By Leslie Rigg, CRTS
Rifton Rapport invites readers to learn how NRRTS and RESNA are combining their efforts to continue their endeavor to assure quality equipment provision for those with disabilities.
The only thing constant is change. How often have we heard that mantra. Change is again in the wind for those who provide complex rehab products.
Current designations of ATS and ATP have been reviewed by the RESNA Professional Standards Board (PSB). They feel that the current designations, which tie the credential to the roles of the professional, are not adequate representations of the professional and educational expertise intended.
The PSB has been contemplating this change for some time. Here follows a description of this change:
The new credential is currently titled ATP (Assistive Technology Professional) and is intended to designate a basic knowledge level in the area of assistive technology. The holder of this credential may be a therapist or a supplier. It would not be tied to ones work or education.
A therapist by education would still be responsible for the physical evaluation, and the supplier would still be responsible for assisting with equipment selection and fitting. The ATP designation would simply designate that these individuals have demonstrated a basic knowledge in Assistive Technology.
This would eliminate the need to provide separate exams for therapists and suppliers. A single exam testing the individual’s knowledge in the area of Assistive Technology would provide the criteria for obtaining the new ATP credential.
NRRTS has been working with RESNA to iron-out some of the details regarding this transition. This includes information and education to our membership. When initially presented, there were many questions and concerns regarding cost, credibility, professional role designations, etc.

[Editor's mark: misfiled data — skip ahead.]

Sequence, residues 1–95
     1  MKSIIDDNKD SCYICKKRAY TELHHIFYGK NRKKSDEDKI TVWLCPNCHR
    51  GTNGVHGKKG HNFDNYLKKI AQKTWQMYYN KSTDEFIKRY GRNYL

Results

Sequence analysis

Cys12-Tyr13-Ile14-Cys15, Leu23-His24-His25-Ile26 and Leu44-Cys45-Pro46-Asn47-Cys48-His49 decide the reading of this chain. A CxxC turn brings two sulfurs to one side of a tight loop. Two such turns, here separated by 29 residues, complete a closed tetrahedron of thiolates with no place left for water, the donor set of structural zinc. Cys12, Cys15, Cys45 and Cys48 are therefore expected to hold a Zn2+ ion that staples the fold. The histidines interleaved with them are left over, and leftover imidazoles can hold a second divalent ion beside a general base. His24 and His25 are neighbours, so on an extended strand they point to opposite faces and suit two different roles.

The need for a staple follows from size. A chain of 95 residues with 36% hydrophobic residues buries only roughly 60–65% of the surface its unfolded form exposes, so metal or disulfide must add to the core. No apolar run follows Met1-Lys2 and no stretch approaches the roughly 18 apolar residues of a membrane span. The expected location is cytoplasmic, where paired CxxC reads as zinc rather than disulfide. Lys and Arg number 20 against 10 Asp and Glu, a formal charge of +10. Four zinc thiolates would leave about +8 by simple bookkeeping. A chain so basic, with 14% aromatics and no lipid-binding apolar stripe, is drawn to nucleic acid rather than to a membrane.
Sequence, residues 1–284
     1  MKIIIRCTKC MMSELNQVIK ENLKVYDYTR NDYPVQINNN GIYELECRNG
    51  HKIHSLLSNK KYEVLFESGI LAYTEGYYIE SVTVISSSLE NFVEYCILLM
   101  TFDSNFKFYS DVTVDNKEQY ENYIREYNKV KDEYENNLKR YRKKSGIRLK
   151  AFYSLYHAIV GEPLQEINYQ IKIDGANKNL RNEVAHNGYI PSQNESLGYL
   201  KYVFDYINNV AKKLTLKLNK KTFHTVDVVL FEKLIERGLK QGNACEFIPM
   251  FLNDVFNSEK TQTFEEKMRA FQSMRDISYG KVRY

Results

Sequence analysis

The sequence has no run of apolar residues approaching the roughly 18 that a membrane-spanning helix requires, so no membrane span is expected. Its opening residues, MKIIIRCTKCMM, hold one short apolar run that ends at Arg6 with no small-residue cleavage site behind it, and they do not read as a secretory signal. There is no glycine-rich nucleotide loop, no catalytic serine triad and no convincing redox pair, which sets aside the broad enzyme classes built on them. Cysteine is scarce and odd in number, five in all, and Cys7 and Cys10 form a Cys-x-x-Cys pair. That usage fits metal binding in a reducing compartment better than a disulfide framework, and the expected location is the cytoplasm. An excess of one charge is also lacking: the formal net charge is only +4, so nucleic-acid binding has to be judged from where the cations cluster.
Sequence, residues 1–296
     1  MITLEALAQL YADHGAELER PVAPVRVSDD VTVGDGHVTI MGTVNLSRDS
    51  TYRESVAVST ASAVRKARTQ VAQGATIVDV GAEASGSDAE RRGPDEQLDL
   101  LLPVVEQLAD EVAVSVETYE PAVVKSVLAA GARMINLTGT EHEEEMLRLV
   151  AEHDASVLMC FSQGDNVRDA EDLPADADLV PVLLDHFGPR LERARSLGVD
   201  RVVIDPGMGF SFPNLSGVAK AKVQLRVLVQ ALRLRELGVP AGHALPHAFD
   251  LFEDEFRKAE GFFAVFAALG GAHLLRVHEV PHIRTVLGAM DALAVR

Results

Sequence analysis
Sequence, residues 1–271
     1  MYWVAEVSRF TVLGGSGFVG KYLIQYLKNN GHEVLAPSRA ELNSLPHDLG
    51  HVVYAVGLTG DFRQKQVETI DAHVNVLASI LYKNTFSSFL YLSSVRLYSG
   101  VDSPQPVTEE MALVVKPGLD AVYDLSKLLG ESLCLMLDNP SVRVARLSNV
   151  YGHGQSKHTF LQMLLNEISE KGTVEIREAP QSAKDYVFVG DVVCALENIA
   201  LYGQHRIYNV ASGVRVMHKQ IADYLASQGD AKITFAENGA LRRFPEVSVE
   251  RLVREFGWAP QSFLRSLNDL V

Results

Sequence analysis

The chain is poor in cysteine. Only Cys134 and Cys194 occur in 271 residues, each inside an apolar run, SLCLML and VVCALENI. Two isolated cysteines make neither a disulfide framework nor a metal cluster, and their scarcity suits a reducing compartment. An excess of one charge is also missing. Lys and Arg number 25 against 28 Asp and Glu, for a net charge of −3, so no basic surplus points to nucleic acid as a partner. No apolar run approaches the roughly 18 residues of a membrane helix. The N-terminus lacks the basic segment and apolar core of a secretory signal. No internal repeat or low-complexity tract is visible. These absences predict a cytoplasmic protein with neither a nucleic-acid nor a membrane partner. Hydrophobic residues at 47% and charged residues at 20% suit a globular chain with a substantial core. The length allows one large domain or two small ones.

An initial concern regarded the need for current ATS’s and ATP’s to take another exam. RESNA has indicated that all current ATS’s and ATP’s would be granted the new ATP designation with no additional fees and no additional exam requirements.
NRRTS registrants were also concerned that there be recognition for suppliers, for their skills, as different from those of the therapist. The new credential is not specific to the individual’s work. It is a measure of basic knowledge in the area of Assistive Technology. NRRTS and the designation of CRTS® remain a registry and credential for Suppliers who specialize in the provision of wheeled mobility and seating.
The change to one single exam and the new ATP (Assistive Technology Professional) also creates an opportunity for advanced certification in specific areas such as seating and wheeled mobility. An advanced certification would be more specific to the supplier’s role and expertise.
I think everyone would agree that the goal of any certification is to identify qualified professionals to prescribe and provide equipment and services in a specialty area. RESNA and NRRTS are combining efforts to meet this goal without creating undue hardships or burdens to the individual.
For those interested, in Great Britain, the British Health Trades Association is also acknowledging the importance of professional recognition to the many skilled and knowledgeable individuals providing assistive technology services.